THE BLOG

Learning Friendship on the Street

10/23/2012 06:50 pm ET | Updated Dec 23, 2012

My job at The Mustard Seed entails a variety of different roles, from working the front lines where I engage directly with homeless men and women who access our services, to answering phone calls from those who find themselves suddenly on the streets with no idea where to go, to helping create and facilitate educational street experiences to teach kids and teenagers about homelessness and poverty.

A few weeks ago I was driving home from church when I decided to stop by The Mustard Seed downtown, just to see who was around and to say a quick "hello" to some coworkers. I pulled into the parking lot and spotted one of our guests, with whom I have worked closely on several occasions this past year.

As an alcoholic, Jimmy (not his real name) had been working hard to stay sober in recent months, first attending support groups, then getting into a sober-living environment. The staff who rallied around him had celebrated each milestone along the way. The doctor had told him that if he ever went back to drinking, his liver would not physically be able to handle it. He would be dead within weeks. Consequently, every day he remained sober was one more step in the right direction -- one more step towards life, and not death.

So when I approached Jimmy in the parking lot that evening, my heart sank. He was alone, slumped against the front steps, his bags scattered around him. As I got closer, I realized, as I have so many times since I started working at The Mustard Seed a year and a half ago, that this was not going to be a happy ending to the night.

Jimmy didn't see me at first. I didn't want to startle him, so I called out his name. He looked up, and as his slightly glazed eyes registered my presence, his face broke out in a familiar smile.
"Taj!" He pushed himself up against the railing of the stairs and waved me over. He stumbled as he stepped forward to give me a fist pound -- a common form of warmth and friendliness that we often use in our professional relationships with guests.

"What happened?" I asked him. "Why are you out here?"

Jimmy gave me a sad smile and proceeded to tell me that he had relapsed and consequently was evicted from his sober-living environment. He felt that he had failed, so his new logic was to just keep drinking; in his words, "At least I'm successful at doing that."

As I searched for words with which to tackle his reasoning, I saw two of his friends who had been sober for several months -- also Mustard Seed guests -- approach. And as they did, I learned a new kind of friendship that went beyond my limited scope of understanding.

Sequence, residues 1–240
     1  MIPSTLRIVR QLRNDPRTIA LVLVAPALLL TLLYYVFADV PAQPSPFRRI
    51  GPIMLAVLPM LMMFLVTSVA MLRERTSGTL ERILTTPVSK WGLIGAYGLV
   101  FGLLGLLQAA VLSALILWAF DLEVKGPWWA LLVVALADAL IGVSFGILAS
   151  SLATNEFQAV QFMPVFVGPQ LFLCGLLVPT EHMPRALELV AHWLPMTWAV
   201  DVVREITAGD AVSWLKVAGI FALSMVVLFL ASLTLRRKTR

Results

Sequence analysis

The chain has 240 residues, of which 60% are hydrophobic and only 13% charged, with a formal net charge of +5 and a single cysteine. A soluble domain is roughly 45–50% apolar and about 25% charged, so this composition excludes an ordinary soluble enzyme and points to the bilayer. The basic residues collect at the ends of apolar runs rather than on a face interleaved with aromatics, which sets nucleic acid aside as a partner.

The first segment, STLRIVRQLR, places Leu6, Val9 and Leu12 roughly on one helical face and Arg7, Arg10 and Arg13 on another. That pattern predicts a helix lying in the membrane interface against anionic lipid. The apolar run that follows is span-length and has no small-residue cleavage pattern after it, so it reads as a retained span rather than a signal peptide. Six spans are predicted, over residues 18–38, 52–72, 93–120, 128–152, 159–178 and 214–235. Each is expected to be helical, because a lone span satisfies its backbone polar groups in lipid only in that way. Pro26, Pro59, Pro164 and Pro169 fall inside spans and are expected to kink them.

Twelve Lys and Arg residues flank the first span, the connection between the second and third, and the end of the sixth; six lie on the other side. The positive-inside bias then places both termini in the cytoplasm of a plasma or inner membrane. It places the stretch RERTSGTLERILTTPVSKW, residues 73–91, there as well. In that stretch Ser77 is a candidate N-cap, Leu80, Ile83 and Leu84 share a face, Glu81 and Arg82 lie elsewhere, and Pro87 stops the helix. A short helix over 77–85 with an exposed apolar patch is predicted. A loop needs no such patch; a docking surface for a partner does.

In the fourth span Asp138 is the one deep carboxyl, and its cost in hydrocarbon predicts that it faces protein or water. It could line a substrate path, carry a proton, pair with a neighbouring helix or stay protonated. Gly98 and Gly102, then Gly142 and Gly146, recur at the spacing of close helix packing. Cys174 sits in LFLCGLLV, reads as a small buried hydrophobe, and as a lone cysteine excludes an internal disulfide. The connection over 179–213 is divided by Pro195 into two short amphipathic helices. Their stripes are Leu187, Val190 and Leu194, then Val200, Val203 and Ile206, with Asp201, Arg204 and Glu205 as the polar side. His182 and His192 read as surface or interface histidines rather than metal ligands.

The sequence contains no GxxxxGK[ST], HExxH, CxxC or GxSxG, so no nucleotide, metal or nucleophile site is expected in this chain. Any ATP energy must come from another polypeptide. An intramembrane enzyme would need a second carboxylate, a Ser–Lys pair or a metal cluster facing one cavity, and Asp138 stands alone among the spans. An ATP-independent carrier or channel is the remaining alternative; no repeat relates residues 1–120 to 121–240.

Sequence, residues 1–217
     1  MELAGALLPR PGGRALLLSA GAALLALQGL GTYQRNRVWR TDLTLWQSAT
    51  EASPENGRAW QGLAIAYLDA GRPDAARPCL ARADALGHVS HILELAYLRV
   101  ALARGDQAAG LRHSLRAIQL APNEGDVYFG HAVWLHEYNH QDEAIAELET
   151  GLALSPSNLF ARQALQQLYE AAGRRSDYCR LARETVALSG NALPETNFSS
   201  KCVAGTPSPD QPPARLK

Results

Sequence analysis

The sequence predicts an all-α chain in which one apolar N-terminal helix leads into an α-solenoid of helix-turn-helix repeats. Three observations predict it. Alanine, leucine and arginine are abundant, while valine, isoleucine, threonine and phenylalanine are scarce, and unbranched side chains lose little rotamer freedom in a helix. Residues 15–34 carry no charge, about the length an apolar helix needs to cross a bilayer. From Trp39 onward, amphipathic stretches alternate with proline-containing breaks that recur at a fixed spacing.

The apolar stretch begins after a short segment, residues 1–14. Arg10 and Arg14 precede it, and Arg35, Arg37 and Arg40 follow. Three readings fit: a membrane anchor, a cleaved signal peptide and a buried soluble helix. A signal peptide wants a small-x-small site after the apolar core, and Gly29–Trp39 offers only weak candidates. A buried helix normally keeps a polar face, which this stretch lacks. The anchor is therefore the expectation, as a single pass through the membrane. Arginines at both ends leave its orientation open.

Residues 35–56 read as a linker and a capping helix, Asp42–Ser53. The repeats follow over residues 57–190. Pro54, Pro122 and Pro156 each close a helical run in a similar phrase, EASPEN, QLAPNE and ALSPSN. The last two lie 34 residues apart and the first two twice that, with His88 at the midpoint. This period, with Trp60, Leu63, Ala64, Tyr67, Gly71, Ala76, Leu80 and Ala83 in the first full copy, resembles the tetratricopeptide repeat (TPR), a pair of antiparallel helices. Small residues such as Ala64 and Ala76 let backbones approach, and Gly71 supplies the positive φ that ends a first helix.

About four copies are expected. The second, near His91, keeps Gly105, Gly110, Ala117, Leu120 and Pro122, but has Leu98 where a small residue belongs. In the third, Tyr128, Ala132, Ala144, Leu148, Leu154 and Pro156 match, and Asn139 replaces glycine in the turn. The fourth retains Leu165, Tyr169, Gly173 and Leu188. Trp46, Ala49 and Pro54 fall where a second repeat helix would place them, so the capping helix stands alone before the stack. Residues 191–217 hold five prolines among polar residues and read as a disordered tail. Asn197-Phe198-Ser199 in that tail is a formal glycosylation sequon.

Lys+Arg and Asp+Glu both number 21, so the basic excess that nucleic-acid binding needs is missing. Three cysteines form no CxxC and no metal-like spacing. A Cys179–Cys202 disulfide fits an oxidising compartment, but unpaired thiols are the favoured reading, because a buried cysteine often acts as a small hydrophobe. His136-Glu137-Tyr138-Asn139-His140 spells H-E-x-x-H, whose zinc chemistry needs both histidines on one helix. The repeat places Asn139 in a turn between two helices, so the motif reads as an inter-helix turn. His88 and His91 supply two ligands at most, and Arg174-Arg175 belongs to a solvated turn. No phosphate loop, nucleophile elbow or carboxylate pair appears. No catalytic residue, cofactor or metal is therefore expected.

One held a container of hot food, while the other carried a thermos of coffee. Both stood over Jimmy and stared at him for a few seconds, then slapped him on the back and chuckled. One said, "That was a pretty epic fail, dude!" referring to his relapse. The other joked, "It better not be my turn next!" And Jimmy merely grinned sheepishly then gratefully accepted the food and hot drink being held out to him by his friends.

In my world or yours, maybe this kind of humor doesn't make sense. Maybe it seems like his friends aren't being helpful, or taking his relapse seriously enough. Perhaps you feel like they were far too forgiving of the mistake Jimmy made. Eighteen months ago, that might have been my thinking, too.

But when the laughing and joking quieted down, Jimmy's friends told him simply that they would be here to support him when he was ready to try again. They didn't say "if;" they said "when." You see, Jimmy's buddies had full confidence in him. They knew that one mistake was not enough to define their friend. They believed in his ability to change. A lapse in judgment was not sufficient for them to condemn him.

As I watched their interaction, I couldn't help but wonder whether I have ever shown that kind of unconditional friendship to the people in my personal life. I can be quick to love, but equally quick to judge; I care deeply about people, but sometimes at the cost of becoming too critical or over-involved in their decision-making, as if it's my duty to reprimand them or point out when they've messed up. But that's not what I want for myself and my relationships. I want to be like Jimmy's buddies.

We were created with not only the ability, but also the desire, to love and be loved. We were never meant to exist in isolation, but to live in community -- supporting one another in both success and struggle.

People experiencing homelessness are a community just like any other (though perhaps more open and accepting than many). No group of people has demonstrated to me more kindness than my friends on the streets.

I took my job at The Mustard Seed because I wanted to show compassion; instead, I have found it shown to me, on more occasions than I can count. And through it all, I continue to be reminded that those with no fixed address have no less capacity for love and friendship than anybody else -- and no less of a desire to have it demonstrated to them either.

The two men knelt down on either side of Jimmy, took his arms, and helped him stand unsteadily on his feet, so they could take him to a nearby shelter where he would sober up and stay safe for the night. With his arms around each of their shoulders, Jimmy smiled and said goodbye to me, then walked with his friends down the street and out of sight.